Scooter riders in Nashville face new scooter parking rules, as Metro Council works on possible new approaches to enforcement.
Scooters blocking right of ways continues to be a problem in Nashville.
It’s the focus of a recent ordinance that passed Metro Council.
The new legislation updates the original scooter ordinance that passed last August.
It’s in the process of implementation and penalizes riders who don’t follow the rules.
Per Metro scooter rules, riders can’t park scooter in right of ways.
As McKenzie Watkins and Ally Clark enjoyed a scooter ride downtown, they ran into a scooter sitting right in the middle of a sidewalk.
“Yeah that’s a little obnoxious,” said Watkins. “To be honest, I have no idea why somebody would park like that.”
Scooter rider Thea Tobias said she’s not surprised.
“A lot of people just go for it and leave them anywhere,” said Tobias.
Evidence of this can be seen across Nashville and is the reason behind a recently implemented ordinance.
Metro Council Member for District 26 Jeremy Elrod sponsored the legislation.
“My goal is to try to keep the sidewalks clear – get folks off the sidewalks,” said Elrod. “So we’ve got some things – we’re going to have no parking areas, preferred parking areas, perhaps some fines for easier ways to collect fines for bad parking.”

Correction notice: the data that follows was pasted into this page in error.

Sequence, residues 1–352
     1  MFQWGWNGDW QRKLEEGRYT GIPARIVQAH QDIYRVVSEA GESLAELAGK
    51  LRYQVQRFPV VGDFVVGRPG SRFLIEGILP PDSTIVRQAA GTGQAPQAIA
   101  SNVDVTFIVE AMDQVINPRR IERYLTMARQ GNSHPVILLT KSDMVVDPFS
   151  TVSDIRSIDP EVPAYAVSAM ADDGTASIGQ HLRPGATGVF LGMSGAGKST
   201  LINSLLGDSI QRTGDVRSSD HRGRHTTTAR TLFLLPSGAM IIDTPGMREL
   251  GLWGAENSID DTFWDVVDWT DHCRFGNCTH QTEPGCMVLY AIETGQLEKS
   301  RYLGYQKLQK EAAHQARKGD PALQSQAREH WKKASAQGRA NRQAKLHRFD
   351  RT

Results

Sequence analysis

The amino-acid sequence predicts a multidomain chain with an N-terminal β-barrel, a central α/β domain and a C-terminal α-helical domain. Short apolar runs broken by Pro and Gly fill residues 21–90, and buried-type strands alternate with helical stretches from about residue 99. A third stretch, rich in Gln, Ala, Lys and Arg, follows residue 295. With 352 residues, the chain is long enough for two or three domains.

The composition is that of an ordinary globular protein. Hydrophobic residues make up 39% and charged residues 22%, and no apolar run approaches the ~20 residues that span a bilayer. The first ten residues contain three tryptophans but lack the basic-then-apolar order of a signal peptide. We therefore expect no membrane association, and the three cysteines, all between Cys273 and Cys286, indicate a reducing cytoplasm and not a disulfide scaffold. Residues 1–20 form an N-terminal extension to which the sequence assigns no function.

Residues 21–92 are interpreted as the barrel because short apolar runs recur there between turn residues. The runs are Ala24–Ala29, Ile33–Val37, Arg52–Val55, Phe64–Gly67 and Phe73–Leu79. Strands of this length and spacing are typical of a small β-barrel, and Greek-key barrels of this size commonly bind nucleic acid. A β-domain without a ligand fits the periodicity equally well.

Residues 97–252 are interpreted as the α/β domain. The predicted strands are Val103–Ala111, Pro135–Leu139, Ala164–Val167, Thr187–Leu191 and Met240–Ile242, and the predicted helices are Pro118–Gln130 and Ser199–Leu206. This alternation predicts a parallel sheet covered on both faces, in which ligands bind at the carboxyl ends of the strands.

The fines are $25 for blocking a right-of-way and $10 for parking in a ‘no parking’ zone.
Elrod said scooter companies will have to pay the fines to Metro, and companies can then recover costs from users.
“Today, they could be cited for improperly riding on the sidewalk, improperly parking on the sidewalk, and eventually we’ll have some ‘no parking’ areas in key areas like the Vanderbilt Hospital, the arena, Titan Stadium,” said Elrod.
The Metro Planning Department said the goal is to design 15-20 parking corrals in the next few months in busy areas like downtown.
“It’s an on-going education process because these are so new, but because they’re so popular and becoming a good option – I think we need to work them out and see if we can work them into Nashville if we can,” said Elrod.
It’s a learning process some riders said may just have to come the hard way.
“Yeah if I had to pay $25-dollars because I parked a scooter in properly, I would not park it improperly again,” said Watkins.
The timeline of the designated ‘no parking’ zones and corrals should be finalized in the coming months.
Elrod said enforcement is an issue Metro Council continues to work on.
“Something we’re going to be looking at is how to enforce scooter regulations,” he said. “Is Metro Police an avenue, does Metro Police need to hire a specific enforcement, do we partner with things like the Downtown Partnership, do we have to increase the fees of these companies that they have to pay Metro to help pay for the enforcement question? So those are a lot of the things we’re looking at right now.”
Elrod said scooter companies are conducting a study on ridership in Nashville and Council expects to see the results in July.
The scooters are part of a scooter pilot program.
Metro Council has until April 1st of 2020 to decide if it wants to end or keep the program.